Archive for the ‘bureauacracy’ Category

States Rebel Against Obama’s Washington

March 27, 2009

There’s an old joke in South Carolina: Confederate President Jefferson Davis may have surrendered at the Burt-Stark mansion in Abbeville, S.C., in 1865, but the people of state Rep. Michael Pitts’s district never did.

By Patrik Jonsson Patrik Jonsson
Christian Science Monitor

With revolutionary die-hards behind him, Mr. Pitts has fired a warning shot across the bow of the Washington establishment. As the writer of one of 28 state “sovereignty bills” – one even calls for outright dissolution of the Union if Washington doesn’t rein itself in – Pitts is at the forefront of a states’ rights revival, reasserting their say on everything from stem cell research to the Second Amendment.

“Washington can be a bully, but there’s evidence right now that there are people willing to resist our bully,” said Pitts, by phone from the state capitol of Columbia.

Just as California under President Bush asserted itself on issues ranging from gun control to medical marijuana, a motley cohort of states – from South Carolina to New Hampshire, from Washington State to Oklahoma – are presenting a foil for President Obama‘s national ambitions. And they’re laying the groundwork for a political standoff over the 10th Amendment, which cedes all power not granted to Washington to the people.

The movement’s success will largely depend on whether Washington sees these legislative insurgents as serious – or, as Pitts puts it, as just “a bunch of rednecks.”

“There’s a lot of frustration when someone quite distant from you forces you to do something you don’t want to do,” says Steve Smith, director of the Weidenbaum Center on the Economy, Government and Public Policy at Washington University in D.C. “That’s the root cause, and it ends up being rationalized in constitutional terms.”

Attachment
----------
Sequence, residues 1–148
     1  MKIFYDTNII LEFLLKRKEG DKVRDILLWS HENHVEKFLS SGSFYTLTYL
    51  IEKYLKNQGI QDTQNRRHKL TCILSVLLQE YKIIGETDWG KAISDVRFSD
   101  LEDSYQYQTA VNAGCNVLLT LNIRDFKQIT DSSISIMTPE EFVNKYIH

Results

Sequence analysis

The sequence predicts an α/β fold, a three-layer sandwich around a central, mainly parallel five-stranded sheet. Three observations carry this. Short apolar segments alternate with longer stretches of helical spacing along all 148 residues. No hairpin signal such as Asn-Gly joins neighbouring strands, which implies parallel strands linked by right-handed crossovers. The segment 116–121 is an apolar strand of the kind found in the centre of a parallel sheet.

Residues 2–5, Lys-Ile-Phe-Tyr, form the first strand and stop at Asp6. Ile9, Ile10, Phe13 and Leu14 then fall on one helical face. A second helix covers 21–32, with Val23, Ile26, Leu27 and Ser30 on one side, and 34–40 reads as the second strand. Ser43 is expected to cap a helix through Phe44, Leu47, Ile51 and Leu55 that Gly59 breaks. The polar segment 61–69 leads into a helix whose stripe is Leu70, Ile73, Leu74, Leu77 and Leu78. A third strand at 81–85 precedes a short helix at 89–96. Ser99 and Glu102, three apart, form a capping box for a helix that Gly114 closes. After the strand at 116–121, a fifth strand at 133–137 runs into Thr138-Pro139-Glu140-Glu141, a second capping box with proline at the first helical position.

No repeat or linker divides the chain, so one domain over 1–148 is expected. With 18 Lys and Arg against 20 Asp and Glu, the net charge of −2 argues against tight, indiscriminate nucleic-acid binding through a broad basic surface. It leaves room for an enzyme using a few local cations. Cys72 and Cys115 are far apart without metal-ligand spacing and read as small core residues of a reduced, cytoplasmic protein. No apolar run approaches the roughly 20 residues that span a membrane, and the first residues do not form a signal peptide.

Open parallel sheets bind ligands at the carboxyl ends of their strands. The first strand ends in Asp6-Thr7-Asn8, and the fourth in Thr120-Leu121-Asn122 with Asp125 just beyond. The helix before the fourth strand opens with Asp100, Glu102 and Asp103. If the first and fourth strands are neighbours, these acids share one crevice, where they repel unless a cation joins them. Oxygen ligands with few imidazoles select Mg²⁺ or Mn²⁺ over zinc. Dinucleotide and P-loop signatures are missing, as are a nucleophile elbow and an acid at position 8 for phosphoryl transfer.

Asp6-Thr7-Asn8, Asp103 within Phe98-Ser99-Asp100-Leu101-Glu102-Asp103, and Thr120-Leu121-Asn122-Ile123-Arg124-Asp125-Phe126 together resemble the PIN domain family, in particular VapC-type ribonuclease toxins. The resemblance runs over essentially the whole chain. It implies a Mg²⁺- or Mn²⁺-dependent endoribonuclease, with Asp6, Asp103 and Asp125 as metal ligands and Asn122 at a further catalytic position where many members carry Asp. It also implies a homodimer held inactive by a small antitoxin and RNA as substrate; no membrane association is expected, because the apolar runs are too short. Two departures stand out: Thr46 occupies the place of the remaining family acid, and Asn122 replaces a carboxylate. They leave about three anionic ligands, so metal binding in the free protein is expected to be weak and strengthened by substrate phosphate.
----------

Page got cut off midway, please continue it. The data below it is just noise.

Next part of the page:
Resurgent states
The reversal of the federal stem cell research ban, a stimulus package widely seen as a backdoor grasp for more federal power, and fears about gun control have accelerated a state sovereignty movement that began taking shape under the Bush administration. In the past, both liberals and conservatives have used states’ rights arguments for political expedience. That may be the case now as ousted conservatives try to force issues out of Washington and into states, where they have a better chance of winning them.

“Where power resides and who gets to do what – there’s been an ongoing interpretation of that through our history,” says Idaho State Rep. George Sayler of Coeur d’Alene, who voted against a states’ rights bill that passed recently in the Gem State. “Sometimes the federal government asserts a stronger role, and it looks now like we might be getting into a period where the states” push for more power.

Read the rest:
http://news.yahoo.com/s/csm/2
0090327/ts_csm/arogue

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Obama Stimulus; Fewer Jobs, Real Growth Industry is Government Counting, Regulating Jobs (Go Figure)

March 27, 2009

When President Obama signed the $787 billion stimulus bill last month, he promised it would create or save 3.5 million jobs. Federal and state officials are ramping up efforts to count those jobs, but it won’t be easy.